If you are tempted to say, “Aw, c’mon, enough with these digressions. Get to the point already,” Tristram has an answer:

[I] rebuke a vicious taste, which has crept into thousands [of readers], —of reading straight forwards, more in quest of the adventures, than of the deep erudition and knowledge which a book of this cast, if read over as it should be, would infallibly impart with them.

The mind should be accustomed to make wise reflections, and draw curious conclusions as it goes along; the habitude of which made Pliny the younger affirm, ‘That he never read a book so bad, but he drew some profit from it.’ The stories of Greece and Rome, run over without this turn and application,—do less service than [if] read with it. (p. 83)

He repeats and expands on this view many times. Page 95, “digressive and progressive at the same time.” On page 127, “Writing is conversation.” On page 286, he notes that he is in the middle of the fourth volume and he has just covered the first day of his life. On page 444, “going backwards and forwards.”

Tristram Shandy might or might not be to everyone’s taste, but if you tackle it, go in with open eyes. Not much is going to happen. Go along for the ride. That’s all there is, after all.


While not much happens in the book, some events do take place, and within an actual historical setting. Since Tristram himself isn’t even born until halfway through, it should be no surprise that his father  (Walter Shandy), his Uncle Toby, Toby’s servant Corporal Trim, his mother Elizabeth, the parson Mr. Yorick and others take up more of the book than Tristram himself.

For the pedants like me, who like to nail blobs of jelly like Tristram Shandy to a fixed wall of time, …

Two European wars, pitting the English, the Dutch, and their allies against the French,  provide the context for Sterne’s novel. First, the Nine Years War (aka War of the Grand Alliance, King William’s War), from 1688-97, was fought mainly around the borders of France (the Low Countries, Savoy, Catalonia), notably the Siege of Namur in the summer of 1695. This is where Uncle Toby was injured and sparked him to build miniature fortifications in the garden. Second, the War of Spanish Succession (aka Queen Anne’s War) from 1703-1713. Uncle Toby and Cpl. Trim followed the events of this war with great interest, and Toby was quite disappointed when the Peace of Utrecht brought it to an end.

July 2 – Sept. 1, 1695 – Siege of Namur

1696 –  1700 – Uncle Toby confined for four years at his brother’s house (in London?), after his wound at the siege of Namur; page 100. He began his obsession with studying fortifications.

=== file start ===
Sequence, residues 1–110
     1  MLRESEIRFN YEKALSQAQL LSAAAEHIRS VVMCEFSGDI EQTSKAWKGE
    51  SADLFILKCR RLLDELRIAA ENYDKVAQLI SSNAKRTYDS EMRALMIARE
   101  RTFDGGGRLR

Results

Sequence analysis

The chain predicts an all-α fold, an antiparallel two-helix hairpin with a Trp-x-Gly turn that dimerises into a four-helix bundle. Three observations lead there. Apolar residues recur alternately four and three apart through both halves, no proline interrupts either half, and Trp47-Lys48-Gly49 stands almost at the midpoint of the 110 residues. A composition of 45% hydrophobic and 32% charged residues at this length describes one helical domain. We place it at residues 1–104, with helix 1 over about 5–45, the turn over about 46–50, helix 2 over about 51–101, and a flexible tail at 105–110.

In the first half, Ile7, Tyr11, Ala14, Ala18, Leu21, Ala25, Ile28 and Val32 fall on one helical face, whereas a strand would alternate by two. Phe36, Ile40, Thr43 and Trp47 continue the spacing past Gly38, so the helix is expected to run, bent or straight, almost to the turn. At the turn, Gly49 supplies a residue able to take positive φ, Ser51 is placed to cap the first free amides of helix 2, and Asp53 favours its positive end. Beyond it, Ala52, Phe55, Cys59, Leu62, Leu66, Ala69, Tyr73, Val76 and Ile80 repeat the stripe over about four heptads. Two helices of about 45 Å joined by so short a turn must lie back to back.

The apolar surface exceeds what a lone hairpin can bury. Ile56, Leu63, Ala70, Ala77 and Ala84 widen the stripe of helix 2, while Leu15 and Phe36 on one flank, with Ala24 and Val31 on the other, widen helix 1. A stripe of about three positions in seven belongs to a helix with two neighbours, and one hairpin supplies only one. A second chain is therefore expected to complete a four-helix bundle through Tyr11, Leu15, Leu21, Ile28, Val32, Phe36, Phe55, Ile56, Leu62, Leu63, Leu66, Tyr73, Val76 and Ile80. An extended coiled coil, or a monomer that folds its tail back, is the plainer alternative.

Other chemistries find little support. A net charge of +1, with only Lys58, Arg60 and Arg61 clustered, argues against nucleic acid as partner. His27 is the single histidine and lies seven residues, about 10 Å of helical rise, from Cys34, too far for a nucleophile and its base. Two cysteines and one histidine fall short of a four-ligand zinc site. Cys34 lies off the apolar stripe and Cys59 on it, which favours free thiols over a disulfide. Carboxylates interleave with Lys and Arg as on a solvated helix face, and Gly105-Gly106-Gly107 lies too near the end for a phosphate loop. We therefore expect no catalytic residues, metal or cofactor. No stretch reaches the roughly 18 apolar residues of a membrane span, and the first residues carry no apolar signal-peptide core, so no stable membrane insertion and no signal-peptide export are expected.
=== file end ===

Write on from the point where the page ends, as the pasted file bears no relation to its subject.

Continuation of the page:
1696 – Walter Shandy beginning his business in London; page 100

August, 1699 – Uncle Toby found it necessary to understand projectiles; page 110.

1699 – Toby and Trim left Walter’s house to lay siege to cities, i.e. in the model in the garden of Shandy Hall, page 403

1706 – Death of La Fever (a minor character); page 403

April, 1713 – Peace of Utrecht. This put an end to Toby and Trim’s war-modeling. See pages 440, 445, etc.

1713 – Walter came into the country, i.e. from London to Shandy Hall; page 403.

1714 – Uncle Toby’s affair with Widow Wadman, “when the trumpet of war fell out of his hands and he took up the lute.” Page 447

approx. 1715 – Walter and Elizabeth’s marriage contract. Could have been any time between 1713 (when Walter moved to the country) and Sept. 1717 (when Elizabeth had her false alarm). For the marriage contract (“settlement), see pages 66ff.

1717 – Young La Fever joined the Imperial army. Siege of Belgrade. Page 417.

September, 1717 – Tristram’s mother, Elizabeth Shandy, nee Mollineaux, brought Walter to London, falsely believing she was pregnant. p.69

March, 1718 – Tristram conceived; page 38.

Nov. 5, 1718 – Tristram born; page 40.

1721 – Walter determines to hire a “governor” (tutor) for Tristram, then age 3. See page 401.  Toby recommends young La Fever; see page 417 for dates.

1723 – Tristram accidentally circumcised; page 369

1741 – Tristram travelled through Denmark with Mr. Noddy’s eldest son; page 54. This could also be the approximate time of his travels through France, described (but not dated) in Book VII, pages 457 – 513.

1759-1766 – Tristram writes the book; dates mentioned in several places.